9. Long-term recovery of lakes in the Adirondack region of New York to decreases in acidic deposition

    NASA Astrophysics Data System (ADS)

    Waller, Kristin; Driscoll, Charles; Lynch, Jason; Newcomb, Dani; Roy, Karen

    2012-01-01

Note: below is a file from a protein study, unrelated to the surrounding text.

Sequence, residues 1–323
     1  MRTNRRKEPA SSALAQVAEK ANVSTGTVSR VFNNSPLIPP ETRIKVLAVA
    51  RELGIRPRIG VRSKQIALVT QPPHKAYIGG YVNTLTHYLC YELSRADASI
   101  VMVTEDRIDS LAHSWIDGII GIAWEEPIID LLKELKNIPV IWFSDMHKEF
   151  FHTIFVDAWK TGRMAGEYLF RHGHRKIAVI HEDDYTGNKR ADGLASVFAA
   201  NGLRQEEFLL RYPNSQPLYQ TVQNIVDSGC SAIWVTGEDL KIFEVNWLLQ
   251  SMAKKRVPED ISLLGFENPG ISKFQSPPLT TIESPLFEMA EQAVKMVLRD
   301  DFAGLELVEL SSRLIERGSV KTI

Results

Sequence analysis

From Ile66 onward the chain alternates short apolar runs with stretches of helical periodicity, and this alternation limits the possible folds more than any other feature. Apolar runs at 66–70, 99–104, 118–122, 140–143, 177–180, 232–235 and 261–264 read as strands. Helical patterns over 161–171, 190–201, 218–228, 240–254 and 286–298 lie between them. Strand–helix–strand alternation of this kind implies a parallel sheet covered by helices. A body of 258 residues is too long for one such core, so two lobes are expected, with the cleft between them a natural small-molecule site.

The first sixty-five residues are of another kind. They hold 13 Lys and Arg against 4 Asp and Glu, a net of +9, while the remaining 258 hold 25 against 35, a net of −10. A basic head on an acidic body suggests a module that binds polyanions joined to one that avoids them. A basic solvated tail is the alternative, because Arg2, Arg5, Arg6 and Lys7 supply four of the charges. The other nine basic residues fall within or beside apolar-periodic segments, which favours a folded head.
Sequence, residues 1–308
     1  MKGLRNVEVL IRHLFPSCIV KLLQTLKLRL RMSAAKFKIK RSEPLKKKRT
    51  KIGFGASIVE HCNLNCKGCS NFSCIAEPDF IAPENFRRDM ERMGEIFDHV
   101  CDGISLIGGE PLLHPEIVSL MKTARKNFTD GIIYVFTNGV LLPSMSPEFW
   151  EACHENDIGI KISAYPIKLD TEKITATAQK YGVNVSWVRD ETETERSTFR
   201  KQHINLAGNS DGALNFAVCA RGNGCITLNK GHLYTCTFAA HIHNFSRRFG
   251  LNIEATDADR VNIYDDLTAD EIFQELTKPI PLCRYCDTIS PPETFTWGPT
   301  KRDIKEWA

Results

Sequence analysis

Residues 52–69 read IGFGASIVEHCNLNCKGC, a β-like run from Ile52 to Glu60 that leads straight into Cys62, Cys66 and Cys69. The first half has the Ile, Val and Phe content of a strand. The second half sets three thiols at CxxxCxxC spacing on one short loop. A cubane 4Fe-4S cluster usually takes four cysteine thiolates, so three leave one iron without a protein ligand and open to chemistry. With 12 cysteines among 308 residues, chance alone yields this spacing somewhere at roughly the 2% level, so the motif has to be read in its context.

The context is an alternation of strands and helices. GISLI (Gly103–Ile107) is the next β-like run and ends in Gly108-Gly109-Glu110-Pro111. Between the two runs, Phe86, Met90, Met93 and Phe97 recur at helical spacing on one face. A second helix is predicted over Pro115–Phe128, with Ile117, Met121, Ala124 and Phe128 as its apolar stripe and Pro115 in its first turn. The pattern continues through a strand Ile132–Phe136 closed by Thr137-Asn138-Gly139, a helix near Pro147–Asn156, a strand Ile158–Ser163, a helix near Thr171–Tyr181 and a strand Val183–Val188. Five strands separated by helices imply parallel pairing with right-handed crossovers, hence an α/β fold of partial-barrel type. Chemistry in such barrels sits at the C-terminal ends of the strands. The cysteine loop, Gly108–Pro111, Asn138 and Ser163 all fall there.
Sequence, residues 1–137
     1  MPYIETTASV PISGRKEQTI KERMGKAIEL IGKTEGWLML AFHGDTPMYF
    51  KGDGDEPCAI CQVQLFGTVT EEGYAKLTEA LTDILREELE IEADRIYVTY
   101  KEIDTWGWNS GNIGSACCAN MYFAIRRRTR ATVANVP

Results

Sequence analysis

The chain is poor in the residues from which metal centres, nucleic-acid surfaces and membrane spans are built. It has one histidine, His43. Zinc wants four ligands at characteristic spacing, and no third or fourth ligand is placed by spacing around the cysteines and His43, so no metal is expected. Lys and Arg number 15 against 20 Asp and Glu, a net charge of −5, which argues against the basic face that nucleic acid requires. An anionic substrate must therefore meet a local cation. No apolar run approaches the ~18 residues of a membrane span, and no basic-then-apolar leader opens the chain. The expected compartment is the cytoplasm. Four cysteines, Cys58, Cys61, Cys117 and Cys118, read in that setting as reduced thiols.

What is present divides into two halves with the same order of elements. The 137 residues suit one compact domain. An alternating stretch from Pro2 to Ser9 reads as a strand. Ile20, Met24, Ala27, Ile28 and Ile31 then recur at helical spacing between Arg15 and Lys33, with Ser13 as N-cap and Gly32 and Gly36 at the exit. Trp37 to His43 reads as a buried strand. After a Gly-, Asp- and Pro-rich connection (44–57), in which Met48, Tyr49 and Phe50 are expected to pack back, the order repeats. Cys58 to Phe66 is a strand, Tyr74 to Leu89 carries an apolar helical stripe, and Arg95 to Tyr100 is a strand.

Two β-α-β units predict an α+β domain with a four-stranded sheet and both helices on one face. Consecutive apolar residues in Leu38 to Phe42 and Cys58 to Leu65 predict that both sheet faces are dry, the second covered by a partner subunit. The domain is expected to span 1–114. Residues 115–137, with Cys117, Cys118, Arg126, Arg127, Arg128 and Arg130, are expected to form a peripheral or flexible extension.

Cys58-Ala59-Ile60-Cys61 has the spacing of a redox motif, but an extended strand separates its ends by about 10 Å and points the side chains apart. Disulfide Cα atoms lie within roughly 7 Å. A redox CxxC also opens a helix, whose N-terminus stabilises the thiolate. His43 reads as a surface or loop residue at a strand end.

After years of adverse impacts to the acid-sensitive ecosystems of the eastern United States, the Acid Rain Program and Nitrogen Budget Program were developed to control sulfur dioxide (SO 2) and nitrogen oxide (NO x) emissions through market-based cap and trade systems. We used data from the National Atmospheric Deposition Program's National Trends Network (NTN) and the U.S. EPA Temporally Integrated Monitoring of Ecosystems (TIME) program to evaluate the response of lake-watersheds in the Adirondack region of New York to changes in emissions of sulfur dioxide and nitrogen oxides resulting from the Acid Rain Program and the Nitrogen Budget Program. TIME is a long-term monitoring program designed to sample statistically selected subpopulations of lakes and streams across the eastern U.S. to quantify regional trends in surface water chemistry due to changes in atmospheric deposition. Decreases in wet sulfate deposition for the TIME lake-watersheds from 1991 to 2007 (-1.04 meq m -2-yr) generally corresponded with decreases in estimated lake sulfate flux (-1.46 ± 0.72 meq m -2-yr), suggesting declines in lake sulfate were largely driven by decreases in atmospheric deposition. Decreases in lake sulfate and to a lesser extent nitrate have generally coincided with increases in acid neutralizing capacity (ANC) resulting in shifts in lakes among ANC sensitivity classes. The percentage of acidic Adirondack lakes (ANC <0 μeq L -1) decreased from 15.5% (284 lakes) to 8.3% (152 lakes) since the implementation of the Acid Rain Program and the Nitrogen Budget Program. Two measures of ANC were considered in our analysis: ANC determined directly by Gran plot analysis (ANC G) and ANC calculated by major ion chemistry (ANC calc = CB - CA). While these two metrics should theoretically show similar responses, ANC calc (+2.03 μeq L -1-yr) increased at more than twice the rate as ANC G (+0.76 μeq L -1-yr). This discrepancy has important implications for assessments of lake recovery